While the verdict was the right one on the evidence, the sentence took no account of the time spent by Mr. Belluz in segregation awaiting the hearing. Even Officer Wallin said that this should be taken into account. Mr. Foxís sentence ignored the requirement in the CCR Regulations that the punishment should take into account any administrative measures which have been taken as a result of the offence, which in this case, included both the transfer and continued segregation.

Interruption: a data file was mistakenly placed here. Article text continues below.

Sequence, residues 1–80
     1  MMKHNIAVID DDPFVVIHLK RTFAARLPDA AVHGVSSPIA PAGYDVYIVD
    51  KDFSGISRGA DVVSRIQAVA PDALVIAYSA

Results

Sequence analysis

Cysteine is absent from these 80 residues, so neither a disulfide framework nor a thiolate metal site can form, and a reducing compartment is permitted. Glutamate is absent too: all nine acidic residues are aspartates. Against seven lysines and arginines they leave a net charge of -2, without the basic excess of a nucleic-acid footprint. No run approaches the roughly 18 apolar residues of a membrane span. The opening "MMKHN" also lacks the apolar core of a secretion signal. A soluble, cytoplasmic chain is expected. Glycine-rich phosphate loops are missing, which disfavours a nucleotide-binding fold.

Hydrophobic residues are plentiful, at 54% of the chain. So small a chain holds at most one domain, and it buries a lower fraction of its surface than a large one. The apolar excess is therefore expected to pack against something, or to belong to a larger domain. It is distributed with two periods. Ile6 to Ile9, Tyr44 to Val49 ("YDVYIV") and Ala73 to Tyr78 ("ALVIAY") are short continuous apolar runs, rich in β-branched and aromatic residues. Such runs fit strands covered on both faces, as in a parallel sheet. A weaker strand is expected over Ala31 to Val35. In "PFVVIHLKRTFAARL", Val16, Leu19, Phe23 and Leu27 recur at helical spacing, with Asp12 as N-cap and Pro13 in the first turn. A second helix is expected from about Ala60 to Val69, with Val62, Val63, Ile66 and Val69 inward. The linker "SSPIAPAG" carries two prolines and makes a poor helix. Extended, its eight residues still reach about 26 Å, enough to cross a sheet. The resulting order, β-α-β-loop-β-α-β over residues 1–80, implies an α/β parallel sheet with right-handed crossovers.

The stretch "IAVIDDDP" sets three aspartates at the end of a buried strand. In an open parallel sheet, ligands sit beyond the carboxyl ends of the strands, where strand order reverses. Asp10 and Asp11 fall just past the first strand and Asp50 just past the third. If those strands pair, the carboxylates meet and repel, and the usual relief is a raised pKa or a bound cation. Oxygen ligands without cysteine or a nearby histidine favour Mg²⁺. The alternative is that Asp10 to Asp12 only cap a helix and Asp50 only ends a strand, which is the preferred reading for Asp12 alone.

Following Mr. Belluzís case, Mr. Hanlon had his hearing on two charges, both of which alleged that he participated in a disturbance. The first charge alleged that he was screaming, threatening and banging his door and the second charge alleged that he blocked up his toilet which caused flooding on the range. Mr. Hanlon, both before Officer Lakerís evidence and after it, said that his main concern was that on the incident reports he had been given accompanying the charge, there were allegations that he had threatened the staff. He protested that this was not the case and he did not want it to be on his record. After hearing from Officer Laker, Mr. Fox said that as he understood the officerís evidence, she was not saying that Mr. Hanlon had threatened her personally but that the whole disturbance, including Mr. Hanlonís participation in it, was a threatening situation to the staff. In the course of Mr. Hanlon giving his explanation of what happened, Mr. Fox asked him to explain what he was doing during the disturbance and specifically asked him whether he was shouting, banging his door and whether he did flood his toilet. Mr. Hanlon admitted that he had done these things. Mr. Fox found Mr. Hanlon guilty of the charges.